Invite your child out to a fun “grown-up lunch” together and practice sharing early and often about small things and important matters in life so the bridge of communication stays open for possible intervention.
Develop a family safety plan
Develop a family safety plan, which requires practice and role-play. Important components of a family safety plan include a “family code word” for danger so that a kid can call to get help without alerting the offender. Also, make sure they know how to dial 911 and give information to the dispatcher.
It is imperative that kids understand that safe, trusted caregivers and grown-ups do the right things with kids. But if anyone ever tries to show them pornography or an unsafe touch, the kids needs to learn to say “No!” and get away if they can. They should also tell someone safe and keep telling until it stops!
Compile a list of safe people with phone numbers to call during a dangerous situation and make it accessible for all. Foster ownership in the family safety plan by allowing everyone to have input and role play various skills such as dialing 911 and saying “No!” to dangerous scenarios like violations of privacy, unsafe touches, unsafe games, bullying, bribes, and Internet pornography or predators.
Say “No!” and Tell! Books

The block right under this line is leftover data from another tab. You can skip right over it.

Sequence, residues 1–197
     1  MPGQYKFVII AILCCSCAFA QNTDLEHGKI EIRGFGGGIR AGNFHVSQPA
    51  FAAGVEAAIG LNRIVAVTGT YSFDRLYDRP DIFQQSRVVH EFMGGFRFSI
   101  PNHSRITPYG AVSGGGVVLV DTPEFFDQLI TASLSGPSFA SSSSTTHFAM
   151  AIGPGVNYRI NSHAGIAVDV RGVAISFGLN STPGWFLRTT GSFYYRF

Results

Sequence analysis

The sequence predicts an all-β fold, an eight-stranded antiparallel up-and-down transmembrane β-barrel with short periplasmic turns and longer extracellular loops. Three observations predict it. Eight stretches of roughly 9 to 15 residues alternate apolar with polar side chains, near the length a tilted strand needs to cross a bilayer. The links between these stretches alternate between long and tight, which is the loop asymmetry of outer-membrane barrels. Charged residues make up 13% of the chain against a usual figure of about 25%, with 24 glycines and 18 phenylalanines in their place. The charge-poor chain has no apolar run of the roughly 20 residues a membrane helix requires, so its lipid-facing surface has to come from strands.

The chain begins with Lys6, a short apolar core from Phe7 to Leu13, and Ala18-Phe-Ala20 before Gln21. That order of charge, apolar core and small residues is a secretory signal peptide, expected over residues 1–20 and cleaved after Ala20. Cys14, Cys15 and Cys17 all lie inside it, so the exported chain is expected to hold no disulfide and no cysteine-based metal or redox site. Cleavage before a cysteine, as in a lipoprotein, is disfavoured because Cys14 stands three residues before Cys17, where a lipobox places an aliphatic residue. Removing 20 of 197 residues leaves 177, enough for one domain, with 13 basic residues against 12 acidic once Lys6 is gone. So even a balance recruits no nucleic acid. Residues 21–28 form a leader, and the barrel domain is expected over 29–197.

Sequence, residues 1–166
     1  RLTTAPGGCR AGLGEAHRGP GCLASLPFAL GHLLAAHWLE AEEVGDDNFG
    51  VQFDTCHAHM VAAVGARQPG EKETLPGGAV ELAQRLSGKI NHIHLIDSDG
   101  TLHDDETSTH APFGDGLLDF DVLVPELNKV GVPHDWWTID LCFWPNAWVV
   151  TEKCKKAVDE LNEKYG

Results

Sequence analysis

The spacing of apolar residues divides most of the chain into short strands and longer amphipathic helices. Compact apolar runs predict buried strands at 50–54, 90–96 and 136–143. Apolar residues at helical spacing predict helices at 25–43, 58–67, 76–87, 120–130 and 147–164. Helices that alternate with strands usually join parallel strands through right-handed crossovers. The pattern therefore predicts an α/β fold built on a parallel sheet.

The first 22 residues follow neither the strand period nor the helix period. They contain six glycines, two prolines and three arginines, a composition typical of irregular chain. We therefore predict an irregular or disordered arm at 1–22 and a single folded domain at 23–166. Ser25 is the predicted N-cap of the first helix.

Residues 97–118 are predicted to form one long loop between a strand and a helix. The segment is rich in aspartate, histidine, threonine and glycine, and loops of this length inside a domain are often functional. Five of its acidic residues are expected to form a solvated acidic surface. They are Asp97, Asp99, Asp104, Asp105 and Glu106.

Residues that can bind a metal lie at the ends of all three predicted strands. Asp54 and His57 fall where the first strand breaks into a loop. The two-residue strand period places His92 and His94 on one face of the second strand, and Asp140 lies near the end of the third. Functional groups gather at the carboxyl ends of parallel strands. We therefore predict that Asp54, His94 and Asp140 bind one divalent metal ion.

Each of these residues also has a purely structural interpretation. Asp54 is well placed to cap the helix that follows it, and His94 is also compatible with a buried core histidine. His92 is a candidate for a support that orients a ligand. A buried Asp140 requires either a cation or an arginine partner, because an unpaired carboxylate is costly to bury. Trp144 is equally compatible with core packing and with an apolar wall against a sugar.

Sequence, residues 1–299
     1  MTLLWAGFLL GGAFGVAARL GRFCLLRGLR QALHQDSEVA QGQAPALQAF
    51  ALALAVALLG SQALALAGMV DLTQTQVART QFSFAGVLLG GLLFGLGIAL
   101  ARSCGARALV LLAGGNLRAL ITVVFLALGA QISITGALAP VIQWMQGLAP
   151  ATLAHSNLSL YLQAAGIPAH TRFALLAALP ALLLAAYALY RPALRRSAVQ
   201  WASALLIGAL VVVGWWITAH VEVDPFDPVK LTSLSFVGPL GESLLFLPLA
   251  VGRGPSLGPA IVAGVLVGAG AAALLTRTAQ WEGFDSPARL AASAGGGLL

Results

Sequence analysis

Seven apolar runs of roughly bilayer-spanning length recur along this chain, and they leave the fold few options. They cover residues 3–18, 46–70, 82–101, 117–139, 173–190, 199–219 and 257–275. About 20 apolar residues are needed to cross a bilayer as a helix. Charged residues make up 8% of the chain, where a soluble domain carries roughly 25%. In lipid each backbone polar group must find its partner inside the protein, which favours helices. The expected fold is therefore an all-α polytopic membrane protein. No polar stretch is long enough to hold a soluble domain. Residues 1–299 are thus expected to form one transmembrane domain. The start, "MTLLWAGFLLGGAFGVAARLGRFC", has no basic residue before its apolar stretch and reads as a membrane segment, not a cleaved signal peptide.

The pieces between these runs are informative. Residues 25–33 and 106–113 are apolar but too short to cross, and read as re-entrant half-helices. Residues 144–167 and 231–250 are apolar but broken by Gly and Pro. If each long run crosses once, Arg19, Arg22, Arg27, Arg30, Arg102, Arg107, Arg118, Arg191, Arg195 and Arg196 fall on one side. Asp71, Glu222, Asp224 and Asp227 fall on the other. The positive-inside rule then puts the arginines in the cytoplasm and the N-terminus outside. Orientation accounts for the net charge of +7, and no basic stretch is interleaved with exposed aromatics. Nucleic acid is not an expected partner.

Undoubtedly, there is an intense world-wide culture war over our kids today. The pornography culture is aggressively grooming our youth to become a victim of sexual abuse or even an offender because of porn’s addictive nature in harming the young brain.
When we focus on instilling the prevention tools of boundaries, bridges of communication, and a family safety plan, we empower kids to have their eyes wide open with the wisdom to recognize dangerous encounters, say “No,” and tell someone.
Pornography can be the gateway drug to addiction and a grooming tool for child sexual abuse. But we can empower kids and preserve their innocence by training kids with prevention tools including positive life skills.
To help parents learn how to teach boundaries and sexual abuse prevention to kids, I wrote a book called Say “NO!” and Tell! You can read this “story” aloud, along with eight researched based “scenarios” to role-play, which I designed to teach positive life skills from studying the predators’ tricks. Plus, you will find a quiz, family safety plan, how to report abuse, a “grown-ups only” removable section, and resources to help empower your kids from the harms of porn and child sexual abuse without the need to discuss reproduction–the focus is prevention!
Kimberly Perry is an elementary school educator with a Master’s of Arts in Teaching and over 15 years of experience working with children across the country. After teaching personal safety to over a thousand elementary students, she was inspired to write the Say ‘NO!’ and TELL! book series, with the foreword written by Josh McDowell. You can connect with Kimberly and order her books at www.WeStandGuard.com.